In the one case they employed for the sibilant--for which the Phoenician alphabet furnished two signs, the fourteenth ( --"id:/\/\") for --"id:sh" and the eighteenth (--"id:E") for --"id:s" --not the latter, which was in sound the more suitable, but the former; and such was in earlier times the mode of writing in the eastern islands, in Corinth and Corcyra, and among the Italian Achaeans. In the other case they substituted for the sign of --"id:i" the simple stroke --"id:I", which was by far the more usual, and at no very late date became at least so far general that the broken --"id:iota S" everywhere disappeared, although individual communities retained the --"id:s" in the form --"id:/\/\" alongside of the --"I".--III. Of later date is the substitution of --"id:\/" for --"id:/\" (--"id:lambda") which might readily be confounded with --"id:GAMMA gamma". This we meet with in Athens and Boeotia, while Corinth and the communities dependent on Corinth attained the same object by giving to the --"id:gamma" the semicircular form --"id:C" instead of the hook-shape.--IV. The forms for --"id:p" --"id:P (with broken-loop)" and --"id:r" --"id:P", likewise very liable to be confounded, were distinguished by transforming the latter into --"id:R"; which more recent form was not used by the Greeks of Asia Minor, the Cretans, the Italian Achaeans, and a few other districts, but on the other hand greatly preponderated both in Greece proper and in Magna Graecia and Sicily. Still the older form of the --"id:r" --"id:P" did not so early and so completely disappear there as the older form of the --"id:l"; this alteration therefore beyond doubt is to be placed later.--V. The differentiating of the long and short -e and the long and short -o remained in the earlier times confined to the Greeks of Asia Minor and of the islands of the Aegean Sea.

All these technical improvements are of a like nature and from a historical point of view of like value, in so far as each of them arose at a definite time and at a definite place and thereafter took its own mode of diffusion and found its special development. The excellent investigation of Kirchhoff (-Studien zur Geschichte des griechischen Alphabets-), which has thrown a clear light on the previously so obscure history of the Hellenic alphabet, and has also furnished essential data for the earliest relations between the Hellenes and Italians--establishing, in particular, incontrovertibly the previously uncertain home of the Etruscan alphabet--is affected by a certain one-sidedness in so far as it lays proportionally too great stress on a single one of these proposals. If systems are here to be distinguished at all, we may not divide the alphabets into two classes according to the value of the --"id:X" as --"id:zeta" or as --"id:chi", but we shall have to distinguish the alphabet of 23 from that of 25 or 26 letters, and perhaps further in this latter case to distinguish the Ionic of Asia Minor, from which the later common alphabet proceeded, from the common Greek of earlier times. In dealing, however, with the different proposals for the modification of the alphabet the several districts followed an essentially eclectic course, so that one was received here and another there; and it is just in this respect that the history of the Greek alphabet is so instructive, because it shows how particular groups of the Greek lands exchanged improvements in handicraft and art, while others exhibited no such reciprocity. As to Italy in particular we have already called attention to the remarkable contrast between the Achaean agricultural towns and the Chalcidic and Doric colonies of a more mercantile character (x. Iono-Dorian Towns); in the former the primitive forms were throughout retained, in the latter the improved forms were adopted, even those which coming from different quarters were somewhat inconsistent, such as the --"id:C" --"id:gamma" alongside of the --"id:\/" --"id:l". The Italian alphabets proceed, as Kirchhoff has shown, wholly from the alphabet of the Italian Greeks and in fact from the Chalcidico-Doric; but that the Etruscans and Latins received their alphabet not the one from the other but both directly from the Greeks, is placed beyond doubt especially by the different form of the --"id:r". For, while of the four modifications of the alphabet above described which concern the Italian Greeks (the fifth was confined to Asia Minor) the first three were already carried out before the alphabet passed to the Etruscans and Latins, the differentiation of --"id:p" and --"id:r" had not yet taken place when it came to Etruria, but on the other hand had at least begun when the Latins received it; for which reason the Etruscans do not at all know the form -"id:R" for -"id:r", whereas among the Faliscans and the Latins, with the single exception of the Dressel vase (xiv. Note 14 ), the younger form is met with exclusively.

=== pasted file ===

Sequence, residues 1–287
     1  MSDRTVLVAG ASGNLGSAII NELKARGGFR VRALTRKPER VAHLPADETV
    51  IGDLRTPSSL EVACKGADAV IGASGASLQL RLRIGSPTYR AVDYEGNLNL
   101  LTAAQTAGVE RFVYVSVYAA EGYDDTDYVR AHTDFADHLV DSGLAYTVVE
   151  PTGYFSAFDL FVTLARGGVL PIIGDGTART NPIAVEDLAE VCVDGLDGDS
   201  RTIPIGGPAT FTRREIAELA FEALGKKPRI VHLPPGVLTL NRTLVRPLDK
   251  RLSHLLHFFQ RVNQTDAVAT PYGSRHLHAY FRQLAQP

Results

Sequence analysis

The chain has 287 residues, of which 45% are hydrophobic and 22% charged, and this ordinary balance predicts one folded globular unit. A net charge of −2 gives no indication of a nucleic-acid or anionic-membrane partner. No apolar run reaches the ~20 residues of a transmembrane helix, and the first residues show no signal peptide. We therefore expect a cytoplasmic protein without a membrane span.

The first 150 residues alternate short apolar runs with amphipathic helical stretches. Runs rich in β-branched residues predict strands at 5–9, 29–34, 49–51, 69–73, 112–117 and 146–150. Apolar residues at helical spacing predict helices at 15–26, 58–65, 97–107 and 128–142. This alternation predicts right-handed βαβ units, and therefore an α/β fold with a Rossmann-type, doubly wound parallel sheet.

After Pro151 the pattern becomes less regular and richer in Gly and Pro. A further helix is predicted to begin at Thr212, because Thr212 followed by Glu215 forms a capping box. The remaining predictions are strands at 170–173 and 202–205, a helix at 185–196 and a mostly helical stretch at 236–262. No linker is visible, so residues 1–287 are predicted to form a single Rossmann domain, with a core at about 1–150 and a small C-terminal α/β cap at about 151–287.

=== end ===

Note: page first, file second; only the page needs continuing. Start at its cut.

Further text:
12. I. XIII. Etrusco-Attic And Latino-Sicilian Commerce

13. That the Etruscans always were without the koppa, seems not doubtful; for not only is no sure trace of it to be met with elsewhere, but it is wanting in the model alphabet of the Galassi vase. The attempt to show its presence in the syllabarium of the latter is at any rate mistaken, for the syllabarium can and does only take notice of the Etruscan letters that were afterwards in common use, and to these the koppa notoriously did not belong; moreover the sign placed at the close cannot well from its position have any other value than that of the -f, which was in fact the last letter in the Etruscan alphabet, and which could not be omitted in a syllabarium exhibiting the variations of that alphabet from its model. It is certainly surprising that the koppa should be absent from the Greek alphabet that came to Etruria, when it otherwise so long maintained its place in the Chalcidico-Doric ; but this may well have been a local peculiarity of the town whose alphabet first reached Etruria. Caprice and accident have at all times had a share in determining whether a sign becoming superfluous shall be retained or dropped from the alphabet; thus the Attic alphabet lost the eighteenth Phoenician sign, but retained the others which had disappeared from the -u.